In 1971, Zeigler returned to this college to join the history faculty.

So how effective a teacher did the man who disliked school become?

Zeigler laughed and said he likes to think he was a good teacher. “I was demanding, but I don’t think I was rigid,” he said. “I lectured a lot, and we wrote lots of essays — one for every test — but I also had them do a lot of group work and I asked questions.”

Zeigler was not expecting the future he faced.

“When I came here as a faculty member, I thought I’d spend my life teaching, then I was elected to Faculty Senate and, eventually, Faculty Senate president.”

With the arrival of a new college president in 1993, the then-current vice president decided to return to the classroom, and Zeigler was tapped as interim.

“I thought it was going to be like a six-month gig, but, no, the opportunities opened up. I applied and got the job.”

Through his tenure, Zeigler was present for major changes, technology being the biggest.

“When we used to have registration, it would take three days in the gym, and we’d have punch cards. The computers we used took up whole rooms and couldn’t do nearly as much as your iPhone can now.”

Zeigler praised the integration of technology into education for the ease it brings to a student’s journey through higher education.

“Students can use technology to gain a wealth of knowledge,” he said. “The downside, though, is sometimes we rely on technology so much, we lose sight of the discipline that comes with the drudgery.”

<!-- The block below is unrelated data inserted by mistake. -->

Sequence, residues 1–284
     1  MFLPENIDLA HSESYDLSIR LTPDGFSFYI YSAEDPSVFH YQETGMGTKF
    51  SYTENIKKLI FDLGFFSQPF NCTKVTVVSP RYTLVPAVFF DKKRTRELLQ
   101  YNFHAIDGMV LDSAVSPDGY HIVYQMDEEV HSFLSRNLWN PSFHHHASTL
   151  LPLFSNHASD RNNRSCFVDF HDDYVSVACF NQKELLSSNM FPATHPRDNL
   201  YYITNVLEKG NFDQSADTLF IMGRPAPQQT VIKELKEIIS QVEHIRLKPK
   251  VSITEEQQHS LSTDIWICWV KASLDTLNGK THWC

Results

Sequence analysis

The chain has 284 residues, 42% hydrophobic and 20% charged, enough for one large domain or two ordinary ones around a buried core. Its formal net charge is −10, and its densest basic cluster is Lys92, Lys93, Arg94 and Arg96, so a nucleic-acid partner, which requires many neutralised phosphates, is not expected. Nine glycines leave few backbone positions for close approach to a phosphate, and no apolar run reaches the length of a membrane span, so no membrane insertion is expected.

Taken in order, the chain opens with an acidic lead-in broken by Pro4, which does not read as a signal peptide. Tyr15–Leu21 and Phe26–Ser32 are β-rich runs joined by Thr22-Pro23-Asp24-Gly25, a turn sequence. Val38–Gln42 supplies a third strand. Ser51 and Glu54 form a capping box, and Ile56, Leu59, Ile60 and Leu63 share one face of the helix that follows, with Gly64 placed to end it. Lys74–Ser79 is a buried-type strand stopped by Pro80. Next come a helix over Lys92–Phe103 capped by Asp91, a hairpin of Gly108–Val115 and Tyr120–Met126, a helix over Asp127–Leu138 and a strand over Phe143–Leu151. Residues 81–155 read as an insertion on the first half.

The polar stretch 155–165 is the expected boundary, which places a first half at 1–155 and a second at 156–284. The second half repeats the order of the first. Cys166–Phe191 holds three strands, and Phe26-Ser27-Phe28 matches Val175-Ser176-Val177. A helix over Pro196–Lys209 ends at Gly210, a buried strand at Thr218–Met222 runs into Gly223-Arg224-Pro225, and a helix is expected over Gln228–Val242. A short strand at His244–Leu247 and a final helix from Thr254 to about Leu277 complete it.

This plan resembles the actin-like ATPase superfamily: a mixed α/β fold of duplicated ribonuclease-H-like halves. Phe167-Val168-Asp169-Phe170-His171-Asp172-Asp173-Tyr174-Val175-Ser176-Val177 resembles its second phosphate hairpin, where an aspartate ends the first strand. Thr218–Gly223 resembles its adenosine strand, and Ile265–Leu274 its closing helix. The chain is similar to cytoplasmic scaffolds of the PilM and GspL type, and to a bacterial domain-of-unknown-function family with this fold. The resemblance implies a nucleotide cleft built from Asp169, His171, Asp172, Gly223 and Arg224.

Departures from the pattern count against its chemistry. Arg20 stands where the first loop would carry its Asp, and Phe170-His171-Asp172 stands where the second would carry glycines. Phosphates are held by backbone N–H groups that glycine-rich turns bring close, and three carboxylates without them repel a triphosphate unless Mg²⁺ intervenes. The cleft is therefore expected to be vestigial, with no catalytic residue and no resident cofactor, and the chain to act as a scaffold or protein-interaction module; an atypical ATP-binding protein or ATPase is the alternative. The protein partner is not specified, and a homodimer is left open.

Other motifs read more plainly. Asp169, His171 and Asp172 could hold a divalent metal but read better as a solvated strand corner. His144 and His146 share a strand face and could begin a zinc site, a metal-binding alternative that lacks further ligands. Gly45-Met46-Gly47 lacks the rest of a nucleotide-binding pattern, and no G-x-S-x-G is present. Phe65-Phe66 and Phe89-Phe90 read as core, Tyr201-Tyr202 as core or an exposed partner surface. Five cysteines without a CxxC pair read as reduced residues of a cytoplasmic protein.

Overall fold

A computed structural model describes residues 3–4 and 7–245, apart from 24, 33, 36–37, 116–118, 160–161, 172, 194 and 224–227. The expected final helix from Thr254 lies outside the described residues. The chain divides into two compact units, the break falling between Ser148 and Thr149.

He said there is so much information accessible today faculty members are more important than ever to students, helping them discern the valid from the “junk.”

“That’s why we need teachers. We can’t just rely on technology,” the one-time college telecourse coordinator said. “People forget that you need to use technology to achieve an end; technology is not the end.”

He said in light of recent controversy over e-books replacing physical textbooks, he recognized the importance of technological advance, “but you have to be careful.”

“There are benefits, but you have to be willing to deal with the pitfalls, too,” he said.

Zeigler said he acknowledges the shifting environment in the

Alamo Colleges. “It’s becoming more district and more centralized.”

He said he sees the benefits: “As colleges, we’re able to bounce ideas off of one another and see how other people are doing things.”

He worries, though, because each college has a unique culture and personality, his college in particular. “There’s nothing wrong with being different, and SAC is different from the other colleges, just like they’re different from each other,” he said.

“I just don’t want SAC to lose its culture. We’ve always acknowledged the importance of the programs we offer that others don’t. We have a strong Student Government, a strong and independent student newspaper, and strong radio-television-broadcasting, art and music programs.”